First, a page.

The reasons why England has so many ancient oaks are all historical. It has nothing to do with the climate, the soil, or the geographical distribution of the two species of native oak. The climate is suitable in most of mainland Europe and only becomes unsuitable in the far north and around the Mediterranean Sea. Oaks do not grow better or faster in England than elsewhere, and they are just as common in other parts of Europe. The range of soil types oaks can do well on is great, from light sand to heavy clay and from neutral to acidic, and these too are present in much of Europe. The two oaks are common from Spain to the Caucasus and from Sweden to Italy. Human interference in the forest was similar across Europe from prehistoric time and often favoured oaks.
Things began to differ in the Middle Ages, in particular after the conquest of England by the Normans in 1066. William I considered the entire country his property, gained by conquest. He gave it out in use to his vassals, mostly fellow Normans, and to the Church. Royal Forests were created in which the king had exclusive rights of the 'venison and vert' or the deer and the trees. Privileged hunting, not forestry was the purpose, no kings of the Middle Ages wanted to plant trees in the forests. At its heyday a century after the conquest, perhaps ¼ of England fell under Forest Law, separate from Common Law. It was a form of protection of trees not equalled at this scale elsewhere in Europe.
Of course it did not last. Bit by bit the forests were nibbled away, mainly by 'assarts' or enclaves of agriculture. People lived in the forests; there was population growth of perhaps 300% until the crash of the Black Death in 1348-50. But the forests were also given away to the nobles, the Church and to abbots of monasteries. Many of them created deer parks. The Normans introduced fallow deer from southern Europe, better suited for the parks than the native red or roe deer. It became an English craze. These parks provided even more effective protection of native trees than the forests, because it was easier to exclude the people from a deer park than from a forest. Evidence for this comes from the fact that pollard oaks (used by the people) are less common in ancient deer parks than in forests, chases and commons.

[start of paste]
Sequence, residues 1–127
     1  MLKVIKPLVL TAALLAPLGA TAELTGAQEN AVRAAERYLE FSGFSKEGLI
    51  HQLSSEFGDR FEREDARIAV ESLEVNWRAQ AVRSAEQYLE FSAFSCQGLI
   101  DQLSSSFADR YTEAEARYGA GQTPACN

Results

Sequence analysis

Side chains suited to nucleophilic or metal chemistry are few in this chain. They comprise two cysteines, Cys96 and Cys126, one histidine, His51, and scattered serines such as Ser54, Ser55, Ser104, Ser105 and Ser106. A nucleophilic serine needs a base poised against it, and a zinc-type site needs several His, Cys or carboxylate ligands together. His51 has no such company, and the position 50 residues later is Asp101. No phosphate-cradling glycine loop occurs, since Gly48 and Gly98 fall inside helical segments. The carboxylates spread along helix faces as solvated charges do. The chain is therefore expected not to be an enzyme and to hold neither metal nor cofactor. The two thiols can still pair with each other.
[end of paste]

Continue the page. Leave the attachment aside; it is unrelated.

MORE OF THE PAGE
Private landownership and its more or less conservative management prevailed in England on a much larger scale than on the continent. Revolutions and devastating wars have swept away private parks and hunting forests in much of Europe, while the only serious damage done in the past in England occurred during the Civil War (1642-51) and was mostly repaired soon after. Modern destruction of ancient trees from economic activity did not spare England, but one of these, plantation forestry, developed in England on a large scale only after World War I, on the continent at least two centuries earlier. Here, there was less time to convert all the ancient wooded parkland and forest remnants to conifers, and many landowners preferred to continue shooting pheasants and the occasional deer and to use the park in accordance with the fashionable notions of nature of the Romantic period. Britons could obtain their timber through imports from overseas, until the German U-boats of WWI made them think again. Between 1919 (the start of the Forestry Commission) and an urge to "plant, plant, plant!" and the first efforts to halt the destruction in the 1980s there were only 60 years and another World War which further delayed things. These historical developments are mainly responsible for the abundance of ancient oaks in England.